Northern Ireland

Cookstown property firm back in profit

Trowel and bricks
Image caption The company secured a number of significant contracts in the last year

One of Northern Ireland's largest property firms returned to profitability in the year ended March 2011.

The McAleer and Rushe Group, which is based in Cookstown, employs more than 100 people.

It increased turnover by nearly 50% to £92m and made a pre-tax profit of £6.4m.

That compared to 2010 when write-downs in the value of the firm's properties led to a pre-tax loss of nearly £11m.

The 2011 performance included an £8m gain from the sale of a subsidiary, while profit from continuing operations was about £600,000.

The directors said the firm secured "a number of significant contracts" in the last year and started work at seven separate sites.

They added that they had also won a significant number of contracts since the end of the 2011 financial year.

Most of the company's work is now in England where the commercial property market has not suffered an Irish-style crash.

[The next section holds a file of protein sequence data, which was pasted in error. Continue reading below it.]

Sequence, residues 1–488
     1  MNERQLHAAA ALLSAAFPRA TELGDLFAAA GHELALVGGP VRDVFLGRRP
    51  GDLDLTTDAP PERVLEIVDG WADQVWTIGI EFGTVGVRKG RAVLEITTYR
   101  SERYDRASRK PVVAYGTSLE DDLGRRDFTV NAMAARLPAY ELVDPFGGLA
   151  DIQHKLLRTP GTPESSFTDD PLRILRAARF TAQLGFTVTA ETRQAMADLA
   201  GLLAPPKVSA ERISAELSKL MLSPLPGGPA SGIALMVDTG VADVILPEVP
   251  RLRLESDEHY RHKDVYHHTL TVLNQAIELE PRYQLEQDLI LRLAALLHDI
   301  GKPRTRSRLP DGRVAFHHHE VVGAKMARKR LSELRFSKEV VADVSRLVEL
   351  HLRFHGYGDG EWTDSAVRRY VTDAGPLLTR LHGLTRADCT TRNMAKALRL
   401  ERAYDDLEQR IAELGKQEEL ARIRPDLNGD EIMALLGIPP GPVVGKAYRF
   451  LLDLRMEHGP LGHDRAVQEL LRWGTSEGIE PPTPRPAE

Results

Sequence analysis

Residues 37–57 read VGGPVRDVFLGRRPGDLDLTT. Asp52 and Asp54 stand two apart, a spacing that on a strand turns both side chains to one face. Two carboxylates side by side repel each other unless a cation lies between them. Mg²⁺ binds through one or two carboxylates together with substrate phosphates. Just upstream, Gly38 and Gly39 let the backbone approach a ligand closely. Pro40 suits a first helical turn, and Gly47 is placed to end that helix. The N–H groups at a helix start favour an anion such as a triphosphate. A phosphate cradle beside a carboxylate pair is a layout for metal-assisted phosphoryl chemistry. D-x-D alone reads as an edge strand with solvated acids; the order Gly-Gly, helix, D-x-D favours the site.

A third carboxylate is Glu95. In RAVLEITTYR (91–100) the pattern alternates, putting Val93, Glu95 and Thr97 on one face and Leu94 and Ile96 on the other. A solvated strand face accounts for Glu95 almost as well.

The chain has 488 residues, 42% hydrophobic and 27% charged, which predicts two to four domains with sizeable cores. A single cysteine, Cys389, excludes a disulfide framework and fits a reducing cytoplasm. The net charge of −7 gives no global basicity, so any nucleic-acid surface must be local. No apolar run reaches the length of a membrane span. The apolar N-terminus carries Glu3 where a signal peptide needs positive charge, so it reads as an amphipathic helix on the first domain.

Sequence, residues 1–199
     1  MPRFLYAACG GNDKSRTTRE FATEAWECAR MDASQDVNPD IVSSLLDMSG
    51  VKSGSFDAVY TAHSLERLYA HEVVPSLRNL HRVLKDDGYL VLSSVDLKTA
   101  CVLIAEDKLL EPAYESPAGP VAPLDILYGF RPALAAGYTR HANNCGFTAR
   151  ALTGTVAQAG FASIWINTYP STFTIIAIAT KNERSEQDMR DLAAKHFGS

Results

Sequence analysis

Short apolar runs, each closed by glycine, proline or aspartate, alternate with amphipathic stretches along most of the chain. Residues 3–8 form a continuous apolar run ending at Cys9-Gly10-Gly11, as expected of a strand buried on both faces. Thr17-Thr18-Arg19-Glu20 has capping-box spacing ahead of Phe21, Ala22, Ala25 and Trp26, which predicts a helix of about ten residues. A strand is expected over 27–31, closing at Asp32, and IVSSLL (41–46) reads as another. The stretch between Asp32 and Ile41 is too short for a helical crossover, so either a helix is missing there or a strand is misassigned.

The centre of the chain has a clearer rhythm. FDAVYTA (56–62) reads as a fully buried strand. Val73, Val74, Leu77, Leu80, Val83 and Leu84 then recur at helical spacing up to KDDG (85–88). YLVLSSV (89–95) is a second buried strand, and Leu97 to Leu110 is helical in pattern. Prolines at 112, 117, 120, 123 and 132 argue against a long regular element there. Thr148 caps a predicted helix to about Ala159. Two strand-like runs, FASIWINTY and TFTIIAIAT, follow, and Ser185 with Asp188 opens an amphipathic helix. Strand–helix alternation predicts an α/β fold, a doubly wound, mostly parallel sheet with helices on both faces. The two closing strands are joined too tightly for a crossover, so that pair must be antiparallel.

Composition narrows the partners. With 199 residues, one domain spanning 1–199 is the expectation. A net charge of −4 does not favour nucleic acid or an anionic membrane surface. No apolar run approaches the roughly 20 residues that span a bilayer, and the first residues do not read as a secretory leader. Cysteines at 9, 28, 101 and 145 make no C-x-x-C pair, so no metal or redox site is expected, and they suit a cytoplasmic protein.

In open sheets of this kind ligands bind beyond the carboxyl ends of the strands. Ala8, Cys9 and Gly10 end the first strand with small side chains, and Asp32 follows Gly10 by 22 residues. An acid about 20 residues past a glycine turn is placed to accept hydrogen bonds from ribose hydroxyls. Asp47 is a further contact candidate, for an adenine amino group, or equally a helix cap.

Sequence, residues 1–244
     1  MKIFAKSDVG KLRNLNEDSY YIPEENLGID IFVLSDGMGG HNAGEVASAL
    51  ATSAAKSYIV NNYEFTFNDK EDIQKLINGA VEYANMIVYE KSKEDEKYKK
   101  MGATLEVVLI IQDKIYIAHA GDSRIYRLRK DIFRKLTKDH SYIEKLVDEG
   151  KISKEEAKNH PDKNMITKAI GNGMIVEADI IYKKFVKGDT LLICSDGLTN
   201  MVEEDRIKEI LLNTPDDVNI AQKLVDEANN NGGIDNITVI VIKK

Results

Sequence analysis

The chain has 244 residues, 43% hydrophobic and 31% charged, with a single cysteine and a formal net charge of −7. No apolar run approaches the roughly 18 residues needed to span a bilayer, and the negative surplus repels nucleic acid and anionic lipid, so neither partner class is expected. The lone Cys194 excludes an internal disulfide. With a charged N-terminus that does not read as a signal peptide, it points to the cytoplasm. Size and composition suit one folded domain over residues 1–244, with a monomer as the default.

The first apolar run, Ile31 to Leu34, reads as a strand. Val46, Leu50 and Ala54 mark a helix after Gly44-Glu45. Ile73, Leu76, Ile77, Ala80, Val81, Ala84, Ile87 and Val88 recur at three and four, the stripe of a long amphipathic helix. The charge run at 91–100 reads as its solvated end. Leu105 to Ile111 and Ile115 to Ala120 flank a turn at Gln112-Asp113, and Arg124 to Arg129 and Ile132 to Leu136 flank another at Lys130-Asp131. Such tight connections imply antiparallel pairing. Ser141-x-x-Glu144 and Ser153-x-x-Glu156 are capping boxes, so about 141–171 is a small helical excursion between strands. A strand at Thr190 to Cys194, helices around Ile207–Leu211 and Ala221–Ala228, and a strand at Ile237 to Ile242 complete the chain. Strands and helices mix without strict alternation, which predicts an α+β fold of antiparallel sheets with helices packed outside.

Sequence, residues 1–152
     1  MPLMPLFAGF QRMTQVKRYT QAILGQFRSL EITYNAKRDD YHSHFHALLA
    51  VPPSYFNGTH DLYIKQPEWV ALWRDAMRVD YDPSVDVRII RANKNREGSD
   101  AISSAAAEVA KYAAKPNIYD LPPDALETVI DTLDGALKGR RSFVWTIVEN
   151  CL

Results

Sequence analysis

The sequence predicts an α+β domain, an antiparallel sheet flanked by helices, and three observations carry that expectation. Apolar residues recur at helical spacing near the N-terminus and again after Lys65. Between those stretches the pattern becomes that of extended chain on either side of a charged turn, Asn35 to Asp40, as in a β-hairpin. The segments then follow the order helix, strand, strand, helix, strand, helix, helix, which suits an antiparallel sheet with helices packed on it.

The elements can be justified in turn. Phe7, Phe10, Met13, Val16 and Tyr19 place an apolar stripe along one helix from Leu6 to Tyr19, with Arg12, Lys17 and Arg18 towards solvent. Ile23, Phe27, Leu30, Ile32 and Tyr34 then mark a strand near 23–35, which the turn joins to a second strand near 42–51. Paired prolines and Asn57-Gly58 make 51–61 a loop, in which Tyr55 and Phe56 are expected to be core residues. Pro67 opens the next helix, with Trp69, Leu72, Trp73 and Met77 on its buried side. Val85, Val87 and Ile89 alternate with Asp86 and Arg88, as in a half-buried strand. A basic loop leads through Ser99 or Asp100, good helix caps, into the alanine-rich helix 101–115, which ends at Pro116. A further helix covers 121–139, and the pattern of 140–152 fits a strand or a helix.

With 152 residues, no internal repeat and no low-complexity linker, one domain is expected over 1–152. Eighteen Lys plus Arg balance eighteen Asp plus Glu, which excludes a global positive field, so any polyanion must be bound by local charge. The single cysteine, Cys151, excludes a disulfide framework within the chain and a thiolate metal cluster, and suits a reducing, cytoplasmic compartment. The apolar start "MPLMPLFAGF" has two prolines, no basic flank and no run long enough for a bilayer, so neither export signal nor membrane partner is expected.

'Growing reputation'

The firm's contracting division has recently started work on a 140-bedroom hotel in central Brighton and last week a subsidiary company won planning permission for a mixed-use scheme in Salford.

The directors said the wider trading environment "remains challenging" but the group was "now uniquely placed" to win further contracting worked based on its "growing reputation".

In 2010, the group's Bank of Ireland loans were transferred to the Irish government's National Asset Management Agency (Nama).

A note in the accounts stated that a number of companies in the group entered into "a medium term formal funding arrangement" with Nama which extended to March 2016.

It added that this arrangement was based on "gradual realisation of assets and repayment of debt over time".

That indicates that Nama has approved the group's business plan and will be prepared to lend it money to complete some developments.

A further impact of Nama's involvement may be evident in the directors pay.

The agency has said it expects firms it works with to reduce executive pay and the accounts show that the highest paid director at McAleer and Rushe received just over £100,000 in 2011 compared to £400,000 in 2010.

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